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Editorial

Should the Treatment of HIV Infection Be Left to Specialists?

The Increasing Complexity of Therapy -- and the Danger That Inadequate Treatment Can Actually Promote the Development of Drug-Resistant Viral Strains -- Argues in Favor of This Approach

June 1998

During the first decade of the HIV epidemic, when the number of new cases of AIDS was growing exponentially, the consensus was that virtually every office-based physician with a broad clinical practice would eventually see some HIV-infected patients. The corollary conviction was that primary-care physicians should be willing -- and able -- to provide care to people with HIV disease. To make accurate diagnoses and provide adequate care, these practitioners would need a basic understanding of the pathogenesis of HIV infection, its presenting symptoms, and its clinical course. They would need to keep abreast of advances in antiretroviral therapy -- an ever-changing and increasingly dynamic field. And they would need to learn how to recognize, treat, and prevent the more common AIDS-related opportunistic infections.

With this objective in mind, the federal government set up regional centers to train physicians, and some states began to require a fixed number of hours of continuing medical education in the field of HIV treatment as a prerequisite for license renewal. The International AIDS Society - U.S.A., supported by educational grants from many of the same pharmaceutical companies that underwrite the publication of HIV Newsline and AIDS Care, undertook to offer a series of regional symposia on advances in the diagnosis and treatment of HIV disease. Other groups provided similar update sessions for office-based practitioners.

By the early 1990s there was near-universal agreement that AIDS had become a primary-care disease. Many primary-care physicians were seeing HIV-infected patients in their offices and clinics by the beginning of this decade, and most of those physicians were able to provide their patients with adequate continuing care by following treatment guidelines developed by the Centers for Disease Control, I.A.S. - U.S.A., and other organizations and agencies. Patients with particular problems were referred to specialists, but non-specialists assumed much of the day-to-day care of seropositive individuals.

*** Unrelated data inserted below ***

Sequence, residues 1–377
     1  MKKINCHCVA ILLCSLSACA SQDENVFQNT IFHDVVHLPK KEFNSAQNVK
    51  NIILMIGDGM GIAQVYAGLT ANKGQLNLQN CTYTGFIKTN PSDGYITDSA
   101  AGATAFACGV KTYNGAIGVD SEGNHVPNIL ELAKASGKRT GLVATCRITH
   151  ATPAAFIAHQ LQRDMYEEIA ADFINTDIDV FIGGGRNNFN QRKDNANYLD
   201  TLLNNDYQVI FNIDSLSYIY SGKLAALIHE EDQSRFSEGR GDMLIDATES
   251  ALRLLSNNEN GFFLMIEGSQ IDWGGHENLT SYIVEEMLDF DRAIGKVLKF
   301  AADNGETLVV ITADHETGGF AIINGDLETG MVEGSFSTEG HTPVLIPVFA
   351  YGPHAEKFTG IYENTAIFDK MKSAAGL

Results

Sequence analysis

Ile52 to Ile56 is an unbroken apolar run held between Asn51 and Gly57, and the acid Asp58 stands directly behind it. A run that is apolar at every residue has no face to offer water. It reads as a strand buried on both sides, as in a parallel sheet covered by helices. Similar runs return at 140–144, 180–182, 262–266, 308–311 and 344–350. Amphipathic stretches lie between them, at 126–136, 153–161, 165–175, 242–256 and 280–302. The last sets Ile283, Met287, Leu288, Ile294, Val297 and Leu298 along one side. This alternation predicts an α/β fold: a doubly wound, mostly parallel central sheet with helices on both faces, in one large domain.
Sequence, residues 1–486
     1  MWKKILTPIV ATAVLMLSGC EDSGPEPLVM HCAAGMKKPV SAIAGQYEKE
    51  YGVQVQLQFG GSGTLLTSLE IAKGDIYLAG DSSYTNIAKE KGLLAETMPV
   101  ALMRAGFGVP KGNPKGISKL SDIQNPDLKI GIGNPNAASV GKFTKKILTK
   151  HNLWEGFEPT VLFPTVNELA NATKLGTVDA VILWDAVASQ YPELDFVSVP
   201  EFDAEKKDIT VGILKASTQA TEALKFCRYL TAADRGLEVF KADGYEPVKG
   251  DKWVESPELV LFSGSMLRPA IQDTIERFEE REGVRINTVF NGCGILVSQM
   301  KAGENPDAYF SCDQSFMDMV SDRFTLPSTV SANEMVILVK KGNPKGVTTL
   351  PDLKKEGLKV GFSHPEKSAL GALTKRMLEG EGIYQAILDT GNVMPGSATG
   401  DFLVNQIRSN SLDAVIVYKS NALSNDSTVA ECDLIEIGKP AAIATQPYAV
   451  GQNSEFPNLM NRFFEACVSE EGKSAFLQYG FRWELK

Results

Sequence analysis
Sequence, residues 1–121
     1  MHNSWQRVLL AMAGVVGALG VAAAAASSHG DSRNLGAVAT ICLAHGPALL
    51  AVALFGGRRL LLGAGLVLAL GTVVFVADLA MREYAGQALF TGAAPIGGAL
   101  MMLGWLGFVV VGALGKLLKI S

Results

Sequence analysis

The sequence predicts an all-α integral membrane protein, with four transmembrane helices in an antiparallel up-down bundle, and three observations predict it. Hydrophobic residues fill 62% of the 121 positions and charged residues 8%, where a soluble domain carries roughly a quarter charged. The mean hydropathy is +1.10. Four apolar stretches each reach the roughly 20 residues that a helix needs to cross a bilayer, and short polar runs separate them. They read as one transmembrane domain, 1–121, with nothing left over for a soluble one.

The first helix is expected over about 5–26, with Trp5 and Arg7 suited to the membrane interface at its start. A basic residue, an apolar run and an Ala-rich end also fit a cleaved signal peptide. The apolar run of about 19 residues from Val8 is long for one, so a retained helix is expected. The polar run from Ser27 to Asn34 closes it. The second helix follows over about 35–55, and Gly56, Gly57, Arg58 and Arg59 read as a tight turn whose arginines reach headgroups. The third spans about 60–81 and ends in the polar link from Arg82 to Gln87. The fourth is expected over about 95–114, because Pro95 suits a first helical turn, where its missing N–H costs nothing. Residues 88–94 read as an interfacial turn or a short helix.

This consensus was reached before the development of the HIV RNA assay to measure viral load, before the advent of the non-nucleoside reverse-transcriptase inhibitors and the protease inhibitors, and before the adoption of combination therapy as the standard of care for patients with advanced HIV disease. This pattern of clinical care was established before we fully understood the dynamics of viral replication -- particularly during what was once called the "latent" phase of HIV infection -- and before we fully appreciated the degree to which resistance and cross-resistance limit our therapeutic options.

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All of these developments have had a significant impact on how we treat HIV infection. Indeed, they have led to the wholesale revision of treatment guidelines issued only a few years ago. We now recommend that treatment begin sooner, that it begin with a more potent regimen, and that it be changed promptly if it fails to suppress viral replication (see "Optimal Antiretroviral Therapy for HIV Infection," the Pull Out and Save section of the December 1997 issue of HIV Newsline).

"It is time to recognize that HIV infection is no longer a disease that practitioners with limited experience should attempt to treat. Over the past three or four years the treatment of HIV infection, particularly in its advanced stages, has become so complicated that it is now best left to those with the greatest expertise in treating the infection and its sequelae."

As importantly, all of these developments have made the continuing care of HIV-infected individuals significantly more complex -- so complex, in fact, that the optimal medical management of patients with HIV disease now requires a level of expertise that non-specialists cannot be expected to have. The time has therefore come to rescind the consensus we reached at the beginning of the decade. It is time to recognize that HIV infection is no longer a disease that practitioners with limited experience should attempt to treat. Over the past three or four years the treatment of HIV infection, particularly in its advanced stages, has become so complicated that it is now best left to those with the greatest expertise in treating the infection and its sequelae.

The continuing care of patients with HIV infection, no matter how dedicated and compassionate it may be, can cause real harm if that care does not rely upon the latest technological advances, does not correctly interpret the data provided by current HIV RNA assays, and does not take into account all that is now known about genotypic and phenotypic resistance to therapy. Well-intentioned but inadequately-informed decisions about when and how to initiate antiretroviral therapy -- or about when and how to change a failing multidrug regimen -- can leave a patient with reduced options and fewer chances of attaining and maintaining clinical stability.

As my colleague Dr. Steven Deeks made abundantly clear in an article entitled "Protease Inhibitor Resistance and Salvage Therapy," which appeared in the December 1997 issue of HIV Newsline (see Vol. 3, No. 6), patients who fail their initial combination antiretroviral regimens present a considerable clinical challenge, even to those of us who have been treating HIV-infected patients since the earliest days of the epidemic. We still know very little about the effectiveness of the various multidrug regimens that have been proposed -- and are being tried -- as salvage therapy in patients who break through on maximally suppressive antiretroviral therapy. And we also know very little about the potential side effects of these untested combinations.